Additional Lecture Notes for the course SC4090
Discretetime systems analysis Ton van den Boom
October 2, 2006
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Contents 1 Introduction 1.1 Discretetime versus continuoustime . . 1.2 Sampling and Interpolation . . . . . . . 1.3 Discretetime systems . . . . . . . . . . . 1.3.1 Difference Equations . . . . . . . 1.3.2 Discretetime statespace models 1.3.3 Linear discretetime models . . .
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5 5 7 12 12 13 14
2 Operational methods for discretetime linear systems 2.1 Discretetime linear system operators . . . . . . . . . . . . . . . . . . . . . 2.2 Transformation of discretetime systems . . . . . . . . . . . . . . . . . . .
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3 System Properties and Solution techniques 3.1 Singularity input functions . . . . . . . . . . . . . . . . 3.2 Classical solution of linear difference equations . . . . . 3.2.1 Homogeneous solution of the difference equation 3.2.2 Particular solution of the difference equation . . 3.3 Discretetime Convolution . . . . . . . . . . . . . . . .
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31 31 31 33 34 34 35 36 37 38
5 The Discretetime transfer function 5.1 Introduction . . . . . . . . . . . . . . . . . . . . . . . . . . . . . . . . . . . 5.2 singleinput singleoutput systems . . . . . . . . . . . . . . . . . . . . . . .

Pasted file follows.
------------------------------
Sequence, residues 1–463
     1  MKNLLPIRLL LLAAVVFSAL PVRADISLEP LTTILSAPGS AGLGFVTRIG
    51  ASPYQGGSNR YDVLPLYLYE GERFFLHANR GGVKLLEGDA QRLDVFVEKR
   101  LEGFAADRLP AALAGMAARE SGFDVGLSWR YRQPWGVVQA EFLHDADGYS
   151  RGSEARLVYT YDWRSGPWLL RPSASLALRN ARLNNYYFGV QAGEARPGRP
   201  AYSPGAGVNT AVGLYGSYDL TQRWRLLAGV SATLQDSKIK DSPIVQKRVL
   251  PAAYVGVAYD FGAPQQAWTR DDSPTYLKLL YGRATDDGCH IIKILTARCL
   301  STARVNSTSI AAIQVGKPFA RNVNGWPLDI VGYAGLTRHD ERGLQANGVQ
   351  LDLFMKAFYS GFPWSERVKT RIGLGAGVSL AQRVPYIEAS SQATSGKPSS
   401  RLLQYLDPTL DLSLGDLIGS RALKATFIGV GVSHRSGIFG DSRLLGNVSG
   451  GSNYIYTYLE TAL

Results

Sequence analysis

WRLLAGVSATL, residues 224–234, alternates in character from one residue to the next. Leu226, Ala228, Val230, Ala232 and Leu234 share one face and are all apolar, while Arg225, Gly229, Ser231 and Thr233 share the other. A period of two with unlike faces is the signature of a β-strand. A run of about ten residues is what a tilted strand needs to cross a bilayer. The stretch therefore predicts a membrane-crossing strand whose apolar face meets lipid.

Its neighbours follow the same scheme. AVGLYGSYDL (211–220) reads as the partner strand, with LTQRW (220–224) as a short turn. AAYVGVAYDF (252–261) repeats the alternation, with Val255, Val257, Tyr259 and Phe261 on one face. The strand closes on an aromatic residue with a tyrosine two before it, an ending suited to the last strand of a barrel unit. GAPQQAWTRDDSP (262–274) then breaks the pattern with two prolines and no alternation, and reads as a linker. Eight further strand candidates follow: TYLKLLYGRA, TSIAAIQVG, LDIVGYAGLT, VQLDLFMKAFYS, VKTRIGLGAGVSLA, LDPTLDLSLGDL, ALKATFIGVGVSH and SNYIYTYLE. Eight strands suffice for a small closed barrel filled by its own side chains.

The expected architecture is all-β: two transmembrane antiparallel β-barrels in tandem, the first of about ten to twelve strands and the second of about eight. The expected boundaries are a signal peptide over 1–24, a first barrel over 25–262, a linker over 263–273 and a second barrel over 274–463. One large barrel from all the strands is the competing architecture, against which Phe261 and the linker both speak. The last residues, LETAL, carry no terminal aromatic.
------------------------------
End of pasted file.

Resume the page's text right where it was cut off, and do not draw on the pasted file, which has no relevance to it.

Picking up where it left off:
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4 Solution of discretetime linear state equations 4.1 State variable responses of discretetime linear systems . . . . . . 4.1.1 Homogeneous State responses . . . . . . . . . . . . . . . . 4.1.2 The forced response of discretetime linear systems . . . . 4.1.3 The system output response of discretetime linear systems 4.1.4 The discretetime transition matrix . . . . . . . . . . . . . 4.1.5 System Eigenvalues and Eigenvectors . . . . . . . . . . . . 4.1.6 Stability of discretetime linear systems . . . . . . . . . . . 4.1.7 Transformation of state variables . . . . . . . . . . . . . . 4.2 The response of linear DT systems to the impulse response . . . .
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CONTENTS 5.3 5.4
relationship to the transfer function . . . . . . . . . System poles and zeros . . . . . . . . . . . . . . . . 5.4.1 System poles and the homogeneous response 5.4.2 System stability . . . . . . . . . . . . . . . . 5.4.3 State space formulated systems . . . . . . .